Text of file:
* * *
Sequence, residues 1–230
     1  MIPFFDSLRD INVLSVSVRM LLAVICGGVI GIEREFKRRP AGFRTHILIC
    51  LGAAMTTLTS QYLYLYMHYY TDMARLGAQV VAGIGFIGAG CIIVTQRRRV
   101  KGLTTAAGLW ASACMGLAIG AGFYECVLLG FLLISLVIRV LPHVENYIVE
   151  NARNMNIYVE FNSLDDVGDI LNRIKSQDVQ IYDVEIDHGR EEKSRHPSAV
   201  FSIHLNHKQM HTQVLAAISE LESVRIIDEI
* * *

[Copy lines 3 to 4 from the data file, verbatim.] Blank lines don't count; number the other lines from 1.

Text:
    51  LGAAMTTLTS QYLYLYMHYY TDMARLGAQV VAGIGFIGAG CIIVTQRRRV
   101  KGLTTAAGLW ASACMGLAIG AGFYECVLLG FLLISLVIRV LPHVENYIVE